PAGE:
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Digital holographic microscopy is an important interferometric tool in optical metrology allowing the investigation of engineered surfaces with microscale lateral resolution and nanoscale axial precision. In particular, microelectromechanical systems (MEMS) surface analysis, conducted by holographic characterization, requires high accuracy for functional testing. The main issues related to MEMS inspection are the superficial roughness and the complex geometry resulting from the several fabrication steps. Here, an automatic procedure, particularly suited in the case of high-roughness surfaces, is presented to selectively filter the spectrum, providing very low-noise reconstructed images. The numerical procedure is based on Butterworth filtering, and the obtained results demonstrate a significant increase in the images’ quality and in the accuracy of the measurements, making our technique highly applicable for …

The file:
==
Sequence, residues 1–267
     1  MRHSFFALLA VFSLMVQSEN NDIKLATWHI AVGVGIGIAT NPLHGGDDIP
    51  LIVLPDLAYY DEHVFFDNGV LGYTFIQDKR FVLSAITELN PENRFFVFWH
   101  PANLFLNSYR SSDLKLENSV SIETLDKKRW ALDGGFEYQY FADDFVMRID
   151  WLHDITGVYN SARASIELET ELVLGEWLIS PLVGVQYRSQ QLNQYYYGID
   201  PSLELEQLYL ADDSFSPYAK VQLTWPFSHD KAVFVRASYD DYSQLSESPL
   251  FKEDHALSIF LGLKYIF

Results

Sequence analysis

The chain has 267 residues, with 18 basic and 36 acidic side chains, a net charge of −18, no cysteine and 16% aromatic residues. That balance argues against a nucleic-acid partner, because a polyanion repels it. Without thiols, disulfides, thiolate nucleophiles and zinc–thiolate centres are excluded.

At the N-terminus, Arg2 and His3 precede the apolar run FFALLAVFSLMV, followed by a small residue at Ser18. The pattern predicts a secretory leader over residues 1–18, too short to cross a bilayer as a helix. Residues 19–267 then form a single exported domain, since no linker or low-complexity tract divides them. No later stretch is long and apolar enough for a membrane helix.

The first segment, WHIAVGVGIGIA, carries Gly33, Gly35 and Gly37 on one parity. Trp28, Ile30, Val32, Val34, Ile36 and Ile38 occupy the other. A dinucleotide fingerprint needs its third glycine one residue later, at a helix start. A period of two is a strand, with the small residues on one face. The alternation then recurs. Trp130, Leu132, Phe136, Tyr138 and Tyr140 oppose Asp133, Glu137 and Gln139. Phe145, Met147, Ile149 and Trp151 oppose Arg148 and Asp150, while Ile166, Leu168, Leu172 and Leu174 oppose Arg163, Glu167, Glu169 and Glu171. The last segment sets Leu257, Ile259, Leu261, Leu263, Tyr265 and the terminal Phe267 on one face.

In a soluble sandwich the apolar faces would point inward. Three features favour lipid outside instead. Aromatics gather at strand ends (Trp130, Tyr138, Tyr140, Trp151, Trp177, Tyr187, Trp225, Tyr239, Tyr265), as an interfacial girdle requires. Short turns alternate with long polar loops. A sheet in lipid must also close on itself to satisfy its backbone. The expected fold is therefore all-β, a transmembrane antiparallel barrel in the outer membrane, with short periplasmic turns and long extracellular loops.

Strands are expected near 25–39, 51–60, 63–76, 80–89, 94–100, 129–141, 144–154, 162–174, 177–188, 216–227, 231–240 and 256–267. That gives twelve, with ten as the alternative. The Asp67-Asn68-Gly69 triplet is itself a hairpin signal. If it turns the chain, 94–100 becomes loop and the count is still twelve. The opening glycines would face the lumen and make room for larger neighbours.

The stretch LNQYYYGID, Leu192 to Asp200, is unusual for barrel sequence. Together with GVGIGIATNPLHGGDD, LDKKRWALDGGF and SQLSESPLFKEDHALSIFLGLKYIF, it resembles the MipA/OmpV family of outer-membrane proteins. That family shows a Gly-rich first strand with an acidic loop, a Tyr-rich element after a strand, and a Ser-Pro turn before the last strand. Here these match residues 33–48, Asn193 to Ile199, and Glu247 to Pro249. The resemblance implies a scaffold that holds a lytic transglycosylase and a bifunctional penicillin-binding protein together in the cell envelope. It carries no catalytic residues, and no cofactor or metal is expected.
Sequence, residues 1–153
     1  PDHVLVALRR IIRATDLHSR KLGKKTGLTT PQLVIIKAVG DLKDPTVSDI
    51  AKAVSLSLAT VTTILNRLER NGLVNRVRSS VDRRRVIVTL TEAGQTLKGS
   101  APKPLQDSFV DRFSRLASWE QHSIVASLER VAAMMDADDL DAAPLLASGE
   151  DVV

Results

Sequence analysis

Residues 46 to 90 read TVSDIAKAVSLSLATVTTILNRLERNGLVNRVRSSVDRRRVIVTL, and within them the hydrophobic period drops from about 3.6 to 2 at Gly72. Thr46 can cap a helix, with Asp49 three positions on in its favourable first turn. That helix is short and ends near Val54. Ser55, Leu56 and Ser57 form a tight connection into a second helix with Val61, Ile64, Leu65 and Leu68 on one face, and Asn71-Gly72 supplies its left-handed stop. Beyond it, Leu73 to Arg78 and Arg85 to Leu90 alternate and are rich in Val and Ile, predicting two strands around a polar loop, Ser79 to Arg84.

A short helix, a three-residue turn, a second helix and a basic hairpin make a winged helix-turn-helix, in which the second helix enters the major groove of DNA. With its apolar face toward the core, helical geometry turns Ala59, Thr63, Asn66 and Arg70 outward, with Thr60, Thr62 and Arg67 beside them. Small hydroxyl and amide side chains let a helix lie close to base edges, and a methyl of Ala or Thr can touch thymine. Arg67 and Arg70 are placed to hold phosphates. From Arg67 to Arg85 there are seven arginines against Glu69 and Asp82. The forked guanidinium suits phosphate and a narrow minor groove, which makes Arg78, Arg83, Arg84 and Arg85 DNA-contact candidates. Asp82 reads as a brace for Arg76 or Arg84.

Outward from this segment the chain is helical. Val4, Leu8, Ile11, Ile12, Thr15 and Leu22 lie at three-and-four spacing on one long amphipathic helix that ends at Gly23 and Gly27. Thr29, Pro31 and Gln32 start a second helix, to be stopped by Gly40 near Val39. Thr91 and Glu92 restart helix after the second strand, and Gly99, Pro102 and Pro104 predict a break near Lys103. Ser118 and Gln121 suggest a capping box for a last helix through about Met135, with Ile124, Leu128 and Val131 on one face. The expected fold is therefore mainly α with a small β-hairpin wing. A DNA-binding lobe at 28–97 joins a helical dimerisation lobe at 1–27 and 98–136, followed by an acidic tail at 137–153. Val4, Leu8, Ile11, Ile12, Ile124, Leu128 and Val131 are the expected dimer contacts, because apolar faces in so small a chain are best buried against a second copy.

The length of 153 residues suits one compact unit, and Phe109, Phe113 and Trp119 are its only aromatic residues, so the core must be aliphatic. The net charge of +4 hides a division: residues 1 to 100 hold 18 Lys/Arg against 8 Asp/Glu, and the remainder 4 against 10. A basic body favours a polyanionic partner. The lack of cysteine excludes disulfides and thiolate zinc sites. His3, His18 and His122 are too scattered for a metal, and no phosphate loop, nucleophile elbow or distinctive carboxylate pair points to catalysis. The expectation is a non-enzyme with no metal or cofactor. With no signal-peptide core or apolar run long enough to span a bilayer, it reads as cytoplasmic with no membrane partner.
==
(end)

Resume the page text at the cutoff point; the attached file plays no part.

Optica Publishing Group
Publication date: 
10 Apr 2015

Marcella Matrecano, Pasquale Memmolo, Lisa Miccio, Anna Persano, Fabio Quaranta, Pietro Siciliano, Pietro Ferraro

Biblio References: 
Volume: 54 Issue: 11 Pages: 3428-3432
Applied Optics